What are the commission rates? Are you writing with rated carriers? How relationship-dependent are your accounts? How large are your accounts? How effectively are you cross-selling?
The lower the perceived risk involved with post-sale retention, the higher the perceived value in the book of business. These risks factors can raise or lower the selling price by 30% or more.
In any small business sale, third-party financing makes a deal more attractive to both parties. With it, the owner no longer has to act as the bank, and the buyer can leverage their capital and gain an extra set of eyes in conducting due diligence. Without lenders, you may be forced to accept a lower price or hold a large note to sell your agency. Financing also opens up the sale to a larger pool of potential buyers, which is essential for competitive bidding. Typically, the more money that can be borrowed to finance an acquisition, the more likely it is that you will obtain the best price for your agency. There are only a few lenders in the marketplace that understand insurance agencies and, hence, will finance an agency sale transaction at a real market price, so it is important to work with a lender that specializes in the industry.
Selling strategy pays off
Though most agents have a business plan, many don’t have an exit strategy. Improper planning can cost you hundreds of thousands of dollars when it comes time to sell. A few years prior to executing a sale, consult with an accountant, an experienced business brokerage or merger and acquisition intermediary, and a specialized insurance lender. These parties can work with you to develop a strategy that will help to maximize your net proceeds. About the author Michael Mensch is a Certified Business Intermediary and Merger and Acquisition Master Intermediary specializing in the valuation and sale of insurance agencies nationwide. He can be reached at email@example.com or (321) 255-1309.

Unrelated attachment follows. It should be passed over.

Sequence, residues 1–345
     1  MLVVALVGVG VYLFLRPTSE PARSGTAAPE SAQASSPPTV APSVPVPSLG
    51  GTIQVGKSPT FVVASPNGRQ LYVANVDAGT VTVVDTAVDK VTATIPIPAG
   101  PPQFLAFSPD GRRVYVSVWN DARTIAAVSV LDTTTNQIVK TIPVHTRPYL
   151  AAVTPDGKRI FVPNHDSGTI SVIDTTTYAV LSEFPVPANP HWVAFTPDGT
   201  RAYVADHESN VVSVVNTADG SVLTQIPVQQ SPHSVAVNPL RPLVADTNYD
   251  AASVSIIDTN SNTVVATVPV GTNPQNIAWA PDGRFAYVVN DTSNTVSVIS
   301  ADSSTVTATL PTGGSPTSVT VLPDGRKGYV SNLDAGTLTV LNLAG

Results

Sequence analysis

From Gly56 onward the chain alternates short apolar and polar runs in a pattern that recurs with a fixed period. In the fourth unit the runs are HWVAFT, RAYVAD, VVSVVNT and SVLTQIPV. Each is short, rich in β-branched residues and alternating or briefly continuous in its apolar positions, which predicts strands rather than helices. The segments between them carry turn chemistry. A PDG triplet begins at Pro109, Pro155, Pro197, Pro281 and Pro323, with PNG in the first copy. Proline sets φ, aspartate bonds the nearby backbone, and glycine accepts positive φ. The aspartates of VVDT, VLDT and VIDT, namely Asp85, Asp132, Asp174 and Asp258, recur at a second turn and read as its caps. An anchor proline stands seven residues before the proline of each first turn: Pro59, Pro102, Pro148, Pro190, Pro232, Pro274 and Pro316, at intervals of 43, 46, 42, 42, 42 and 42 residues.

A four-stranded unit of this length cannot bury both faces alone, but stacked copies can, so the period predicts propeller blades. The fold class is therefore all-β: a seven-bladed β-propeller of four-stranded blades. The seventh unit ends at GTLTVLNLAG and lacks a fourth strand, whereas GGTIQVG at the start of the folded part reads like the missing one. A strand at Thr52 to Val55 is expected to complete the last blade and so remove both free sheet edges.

:around the web
Are you Twignorant?
Get up to speed with Twitter® basics Who Tweets? Nearly 250 million people worldwide turn to Twitter each day for business purposes, personal use or both. What are they doing? They are interacting with a trending topic, keeping up-to-date on world events, talking about their day-to-day life, or interacting with a brand like yours. If you are considering jumping on the social media bandwagon, you are likely asking yourself, “How can Tweeting help my business?” Tweeting can help boost your business in many ways: ®
• Opens new doors for communication, education and engagement with your audience. • Begins new customer relationships and expands upon existing ones.
Personalize your profile
Next, you have to personalize your profile to reflect your brand: • Choose an image that is square for your profile photo. • Select a background image. • Don’t forget to complete your biography.
Research and Tweet
Once your profile is ready to go, it is time to do some research to determine what types of posts can help meet your objectives:
• Quickly and easily spreads promotions and special offers.
• Search for topics pertaining to your industry, find profiles of both competitors and industry partners.
• Keeps you up-to-date with industry trends.
• Take note of the mixed media they are sharing.
• Gives your brand a very important human element.
• Tailor each Tweet based upon your desired outcome.
Here are some tips to get started, and you can find specific, step-by-step instructions by viewing our webinar on demand at oakstreetfunding.com/webinars.
Create a username
Once you have decided to sign up, you have to choose a username before you can begin Tweeting. Your username is what others will use to contact you while using the platform (i.e. @OSFunding.) There are a few simple rules to follow when you are selecting a name: • Make sure that whatever name you choose is simple, memorable and relevant to your brand. • Avoid using numbers or underscores, as they are difficult to remember. • If your name is taken, consider abbreviating part of your name or adding a descriptive element. • Always remember, you can change your username at any time. However, once you are established, if you change your name your followers might have trouble finding you. 14 | w ww.oakstreetfund in g . co m / s ig nu p • 8 6 6 - 6 2 5 - 3 8 6 3
Understand and use hashtags
Using hashtags that are relevant to your industry is a great way to gain both followers and exposure from the right audience. What is a #hashtag? A hashtag is any word or phrase that begins with a # symbol. When this symbol is used in your message, it will put whatever word of phrase that follows into a category or topic that is searchable and more likely to be found. For example, if your message contains #insurance, anyone around the globe that searches for the word insurance on Twitter are more likely to see your post than if you don’t utilize the hashtag feature.